The article explains the difference between the yardstick used by the trustees and the one used by the NHEA and concludes both are accurate. The trustees' measure counts as overhead only those administrative expenditures that support the traditional fee-for-service Medicare program, in which approximately three-fourths of all Medicare beneficiaries are enrolled. The NHEA measure takes the trustees' measure and adds to it the overhead of insurance companies that participate in Medicare Advantage and that sell stand-alone Part D drug coverage.

"The issue isn't whether one yardstick is more accurate than the other," Sullivan explains. "The issue is when it's appropriate to use one measure instead of the other."

The 1 percent figure is the one that should be used to analyze several hotly debated health reform issues, including whether to expand traditional Medicare to all Americans and whether to turn Medicare over to the insurance industry, either by expanding the Medicare Advantage program of by converting Medicare to a voucher program as Rep. Paul Ryan has proposed.

"Total spending for any type of insurer, public or private, consists of medical and administrative expenditures," explains Sullivan. "If you want to know whether Medicare would cost more or less if it were turned over to insurance companies, you first have to determine what Medicare spends on medical care and administration and you have to do the same for the health insurance industry."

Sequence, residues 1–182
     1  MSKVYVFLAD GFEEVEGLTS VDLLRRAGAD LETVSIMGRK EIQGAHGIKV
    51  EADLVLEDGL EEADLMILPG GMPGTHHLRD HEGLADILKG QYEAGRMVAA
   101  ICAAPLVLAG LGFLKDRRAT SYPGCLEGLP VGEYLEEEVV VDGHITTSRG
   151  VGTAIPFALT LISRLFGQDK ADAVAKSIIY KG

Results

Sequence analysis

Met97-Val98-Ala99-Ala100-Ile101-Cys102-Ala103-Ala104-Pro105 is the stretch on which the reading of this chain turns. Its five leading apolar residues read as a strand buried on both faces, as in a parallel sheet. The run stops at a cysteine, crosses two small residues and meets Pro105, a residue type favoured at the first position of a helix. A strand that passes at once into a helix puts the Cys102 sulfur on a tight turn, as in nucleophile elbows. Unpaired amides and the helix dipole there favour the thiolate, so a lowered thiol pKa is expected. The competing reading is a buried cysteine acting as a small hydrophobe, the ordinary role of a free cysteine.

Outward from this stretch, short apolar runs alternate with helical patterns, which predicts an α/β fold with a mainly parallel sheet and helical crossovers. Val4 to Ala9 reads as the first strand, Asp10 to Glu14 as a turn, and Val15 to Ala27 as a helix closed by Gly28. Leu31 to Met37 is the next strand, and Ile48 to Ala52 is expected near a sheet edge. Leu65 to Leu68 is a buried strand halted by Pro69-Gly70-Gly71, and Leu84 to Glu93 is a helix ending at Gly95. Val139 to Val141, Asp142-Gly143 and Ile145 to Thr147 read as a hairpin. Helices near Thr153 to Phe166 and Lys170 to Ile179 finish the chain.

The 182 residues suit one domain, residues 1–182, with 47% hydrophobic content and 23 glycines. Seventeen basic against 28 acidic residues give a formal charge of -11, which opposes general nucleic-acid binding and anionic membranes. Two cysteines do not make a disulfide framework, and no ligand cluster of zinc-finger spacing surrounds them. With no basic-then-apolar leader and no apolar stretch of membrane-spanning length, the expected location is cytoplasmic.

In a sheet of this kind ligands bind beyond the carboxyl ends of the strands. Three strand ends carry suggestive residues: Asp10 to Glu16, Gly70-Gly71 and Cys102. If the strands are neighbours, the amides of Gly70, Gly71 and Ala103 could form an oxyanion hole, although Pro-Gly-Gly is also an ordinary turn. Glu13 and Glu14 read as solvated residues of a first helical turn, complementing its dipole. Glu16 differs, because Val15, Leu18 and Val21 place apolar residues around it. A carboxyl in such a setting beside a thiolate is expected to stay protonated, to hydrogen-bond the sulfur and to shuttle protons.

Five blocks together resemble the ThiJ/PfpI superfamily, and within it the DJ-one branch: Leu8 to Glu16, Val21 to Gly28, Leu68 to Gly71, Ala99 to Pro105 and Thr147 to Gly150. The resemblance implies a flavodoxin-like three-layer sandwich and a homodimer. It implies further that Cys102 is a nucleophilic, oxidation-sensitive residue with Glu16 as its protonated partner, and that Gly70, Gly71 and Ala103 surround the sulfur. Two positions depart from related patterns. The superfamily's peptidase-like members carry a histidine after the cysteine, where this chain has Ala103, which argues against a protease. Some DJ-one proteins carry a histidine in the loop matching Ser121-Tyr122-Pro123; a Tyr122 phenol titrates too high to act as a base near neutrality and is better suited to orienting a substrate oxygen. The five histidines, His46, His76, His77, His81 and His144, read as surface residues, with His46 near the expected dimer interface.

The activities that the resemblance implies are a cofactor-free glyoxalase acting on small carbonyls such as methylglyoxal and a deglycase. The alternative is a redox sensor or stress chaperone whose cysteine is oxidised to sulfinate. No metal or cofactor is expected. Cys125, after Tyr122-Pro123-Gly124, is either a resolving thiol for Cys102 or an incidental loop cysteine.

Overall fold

The proper yardstick to use to measure Medicare's overhead in analyses of issues such as these would be the trustees' measure 1 percent. The average overhead of the health insurance industry is approximately 20 percent, he said.

The large difference between traditional Medicare's overhead and that of the insurance industry has caused some conservative critics of Medicare to assert that the federal government is ignoring numerous administrative expenditures incurred by various federal agencies that should be attributed to Medicare.